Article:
The daughter and two other relatives of the controversial Kansas Pastor Fred Phelps traveled to Connecticut Tuesday to protest the state’s decision to legalize gay marriage.
Standing outside the Supreme Court building, Shirley Phelps-Roper, the daughter of Pastor Phelps, said the state and all three branches of government “flipped off God,” by approving gay marriage.
“The Lord is coming and America is doomed,” Phelps-Roper said. “The economic apocalypse is child’s play compared to what’s coming.” When asked when the end of the world would be coming, she said, “No man knows the day or the hour, but knows by the signs of the time.”
Phelps-Roper was joined at the protest by her son Zach and her grandson Ben. The group has been all around the country protesting everything from military funerals to productions of the musical “Rent.”
Larry Voyer of Waterford sat in a lawn chair across the street from the Supreme Court building in the shade of a tree with a sign that said simply “Hate Sucks.”
When he learned members of the Westboro Baptist Church were headed to Connecticut he was inspired to come out and peacefully demonstrate against them. He said he has 27 care packages to send overseas to his friends serving in the military and it’s “repugnant” to him to hear someone say that somehow he’s getting them killed because he supports the Supreme Court’s decision.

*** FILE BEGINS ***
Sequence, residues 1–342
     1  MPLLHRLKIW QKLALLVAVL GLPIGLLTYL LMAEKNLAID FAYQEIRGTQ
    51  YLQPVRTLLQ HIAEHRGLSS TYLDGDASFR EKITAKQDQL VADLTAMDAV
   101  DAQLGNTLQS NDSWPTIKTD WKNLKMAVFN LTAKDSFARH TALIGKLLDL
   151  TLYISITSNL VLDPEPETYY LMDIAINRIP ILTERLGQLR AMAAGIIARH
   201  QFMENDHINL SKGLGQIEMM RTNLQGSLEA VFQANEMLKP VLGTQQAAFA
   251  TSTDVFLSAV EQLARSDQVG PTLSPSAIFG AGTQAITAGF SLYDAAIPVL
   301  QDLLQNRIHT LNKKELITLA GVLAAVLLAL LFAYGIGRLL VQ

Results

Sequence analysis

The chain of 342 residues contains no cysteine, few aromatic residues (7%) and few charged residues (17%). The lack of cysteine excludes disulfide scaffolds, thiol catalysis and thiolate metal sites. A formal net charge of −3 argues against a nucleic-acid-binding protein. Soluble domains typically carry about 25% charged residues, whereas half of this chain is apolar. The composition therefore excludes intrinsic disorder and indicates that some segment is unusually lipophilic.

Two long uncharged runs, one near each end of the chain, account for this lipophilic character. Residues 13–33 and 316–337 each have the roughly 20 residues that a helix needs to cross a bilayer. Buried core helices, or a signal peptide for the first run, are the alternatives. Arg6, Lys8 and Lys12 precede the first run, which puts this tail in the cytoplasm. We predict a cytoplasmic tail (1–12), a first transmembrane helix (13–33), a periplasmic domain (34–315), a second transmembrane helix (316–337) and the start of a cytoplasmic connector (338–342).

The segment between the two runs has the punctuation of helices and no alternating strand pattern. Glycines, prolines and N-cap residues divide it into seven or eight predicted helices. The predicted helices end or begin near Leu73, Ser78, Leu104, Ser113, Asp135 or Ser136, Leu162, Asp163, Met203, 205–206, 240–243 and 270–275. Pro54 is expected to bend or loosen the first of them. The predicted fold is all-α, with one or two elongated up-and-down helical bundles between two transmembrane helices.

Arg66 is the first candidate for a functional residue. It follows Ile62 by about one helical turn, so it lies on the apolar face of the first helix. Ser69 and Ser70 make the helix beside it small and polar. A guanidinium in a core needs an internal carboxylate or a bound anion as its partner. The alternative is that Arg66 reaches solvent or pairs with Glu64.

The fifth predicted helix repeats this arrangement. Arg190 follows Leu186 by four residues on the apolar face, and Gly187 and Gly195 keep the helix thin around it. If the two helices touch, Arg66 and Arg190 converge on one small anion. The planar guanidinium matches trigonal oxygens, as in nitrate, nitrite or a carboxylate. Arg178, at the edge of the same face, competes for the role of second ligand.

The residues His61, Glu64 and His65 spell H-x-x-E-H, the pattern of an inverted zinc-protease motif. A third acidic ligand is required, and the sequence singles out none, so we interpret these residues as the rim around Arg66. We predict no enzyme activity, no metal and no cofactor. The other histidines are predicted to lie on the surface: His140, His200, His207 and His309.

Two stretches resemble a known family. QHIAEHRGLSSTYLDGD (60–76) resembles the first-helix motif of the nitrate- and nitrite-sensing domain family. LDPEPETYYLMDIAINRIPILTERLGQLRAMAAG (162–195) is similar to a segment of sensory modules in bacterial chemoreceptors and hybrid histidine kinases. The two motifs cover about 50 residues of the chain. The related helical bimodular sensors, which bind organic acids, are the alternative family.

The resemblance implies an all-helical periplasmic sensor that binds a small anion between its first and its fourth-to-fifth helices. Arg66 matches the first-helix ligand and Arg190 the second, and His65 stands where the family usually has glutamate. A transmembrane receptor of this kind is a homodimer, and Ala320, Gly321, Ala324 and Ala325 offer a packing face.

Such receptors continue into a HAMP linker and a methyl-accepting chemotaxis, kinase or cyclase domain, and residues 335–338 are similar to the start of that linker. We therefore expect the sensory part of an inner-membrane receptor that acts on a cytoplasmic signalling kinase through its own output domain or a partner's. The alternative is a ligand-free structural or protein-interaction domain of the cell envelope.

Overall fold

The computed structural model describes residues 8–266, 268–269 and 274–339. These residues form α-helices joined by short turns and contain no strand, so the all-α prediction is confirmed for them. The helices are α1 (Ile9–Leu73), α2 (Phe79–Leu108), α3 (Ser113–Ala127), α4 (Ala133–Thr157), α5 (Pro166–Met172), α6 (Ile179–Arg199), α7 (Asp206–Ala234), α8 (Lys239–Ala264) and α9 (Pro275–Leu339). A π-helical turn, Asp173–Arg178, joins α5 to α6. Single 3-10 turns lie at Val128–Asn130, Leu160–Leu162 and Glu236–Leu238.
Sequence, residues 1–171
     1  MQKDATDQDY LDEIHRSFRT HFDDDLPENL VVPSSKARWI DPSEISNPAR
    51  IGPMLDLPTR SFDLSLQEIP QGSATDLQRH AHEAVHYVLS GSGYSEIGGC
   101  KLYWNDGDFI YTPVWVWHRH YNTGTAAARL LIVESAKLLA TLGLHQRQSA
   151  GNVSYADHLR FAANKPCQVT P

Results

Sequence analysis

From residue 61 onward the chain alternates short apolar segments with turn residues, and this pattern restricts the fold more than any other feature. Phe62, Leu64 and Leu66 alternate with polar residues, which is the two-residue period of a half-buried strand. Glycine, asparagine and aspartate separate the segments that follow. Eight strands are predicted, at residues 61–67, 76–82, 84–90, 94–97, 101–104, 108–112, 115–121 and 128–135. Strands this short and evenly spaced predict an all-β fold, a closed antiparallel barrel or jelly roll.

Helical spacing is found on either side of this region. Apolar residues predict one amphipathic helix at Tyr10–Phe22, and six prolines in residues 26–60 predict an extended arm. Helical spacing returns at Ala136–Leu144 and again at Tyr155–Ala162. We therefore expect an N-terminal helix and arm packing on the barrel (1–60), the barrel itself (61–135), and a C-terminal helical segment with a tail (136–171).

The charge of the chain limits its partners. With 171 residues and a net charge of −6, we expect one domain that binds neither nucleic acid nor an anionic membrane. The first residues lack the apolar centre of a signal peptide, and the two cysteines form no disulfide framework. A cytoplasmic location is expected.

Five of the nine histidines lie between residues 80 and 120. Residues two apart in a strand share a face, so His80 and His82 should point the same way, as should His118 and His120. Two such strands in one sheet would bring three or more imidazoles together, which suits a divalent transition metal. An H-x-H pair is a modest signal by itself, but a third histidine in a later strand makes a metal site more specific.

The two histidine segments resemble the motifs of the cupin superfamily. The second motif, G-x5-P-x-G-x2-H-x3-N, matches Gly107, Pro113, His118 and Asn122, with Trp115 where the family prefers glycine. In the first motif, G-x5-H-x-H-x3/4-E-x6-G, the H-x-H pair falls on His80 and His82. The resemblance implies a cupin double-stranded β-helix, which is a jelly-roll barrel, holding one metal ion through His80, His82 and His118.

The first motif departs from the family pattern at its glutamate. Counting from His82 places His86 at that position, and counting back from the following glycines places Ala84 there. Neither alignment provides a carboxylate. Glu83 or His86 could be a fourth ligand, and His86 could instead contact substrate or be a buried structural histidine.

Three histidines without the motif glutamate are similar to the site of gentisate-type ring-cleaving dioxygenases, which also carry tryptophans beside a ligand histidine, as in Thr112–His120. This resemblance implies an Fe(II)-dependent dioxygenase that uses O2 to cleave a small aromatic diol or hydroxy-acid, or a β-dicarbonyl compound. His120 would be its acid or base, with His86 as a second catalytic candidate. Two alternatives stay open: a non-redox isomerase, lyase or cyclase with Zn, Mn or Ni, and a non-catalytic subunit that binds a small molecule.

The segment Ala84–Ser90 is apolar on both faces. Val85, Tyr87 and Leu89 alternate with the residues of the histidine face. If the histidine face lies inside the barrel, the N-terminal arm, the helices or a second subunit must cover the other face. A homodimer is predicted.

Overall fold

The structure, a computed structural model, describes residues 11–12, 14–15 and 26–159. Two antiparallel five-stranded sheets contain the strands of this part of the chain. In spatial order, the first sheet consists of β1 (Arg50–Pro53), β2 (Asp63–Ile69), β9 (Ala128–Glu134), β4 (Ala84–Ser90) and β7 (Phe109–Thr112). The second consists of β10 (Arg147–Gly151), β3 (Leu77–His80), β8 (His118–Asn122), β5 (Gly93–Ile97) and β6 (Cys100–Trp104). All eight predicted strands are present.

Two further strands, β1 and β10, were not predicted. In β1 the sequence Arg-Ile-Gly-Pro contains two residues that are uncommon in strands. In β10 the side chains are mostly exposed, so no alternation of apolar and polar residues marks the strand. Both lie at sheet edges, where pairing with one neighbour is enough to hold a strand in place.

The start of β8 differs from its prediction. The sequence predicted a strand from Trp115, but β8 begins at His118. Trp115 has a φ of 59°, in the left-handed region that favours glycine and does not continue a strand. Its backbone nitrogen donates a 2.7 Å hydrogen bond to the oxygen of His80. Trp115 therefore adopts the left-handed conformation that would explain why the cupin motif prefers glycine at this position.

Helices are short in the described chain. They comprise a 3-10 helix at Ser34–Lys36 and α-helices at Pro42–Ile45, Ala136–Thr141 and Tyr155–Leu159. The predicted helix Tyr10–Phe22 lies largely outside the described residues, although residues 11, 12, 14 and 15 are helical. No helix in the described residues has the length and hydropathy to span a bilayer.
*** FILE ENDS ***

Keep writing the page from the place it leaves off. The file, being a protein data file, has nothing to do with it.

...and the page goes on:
“To me it boggles the mind,” Voyer said. “It doesn’t even make sense.”
Back across the street was another handful of anti-protesters holding signs referencing love.
Joshua Demers said he looked at the group’s web site and was so appalled by what he read he felt compelled to come out and protest.
“I believe in love,” Demers said. “Whether it’s a man or a woman, finding the right person is a rare gift.”
Standing next to Demers was Tara Crawford who said, “We wanted to answer hate with something positive.”
Tomorrow at 6:50 a.m. the Phelps family will be outside New Britain High School, according to the schedule of events on their web site. The group has been all around the country protesting everything from military funerals to productions of the musical “Rent.”
Phelps-Roper said the group has been to Connecticut twice in the past to protest military funerals. In 2007 the state passed a law banning protesters from military funerals.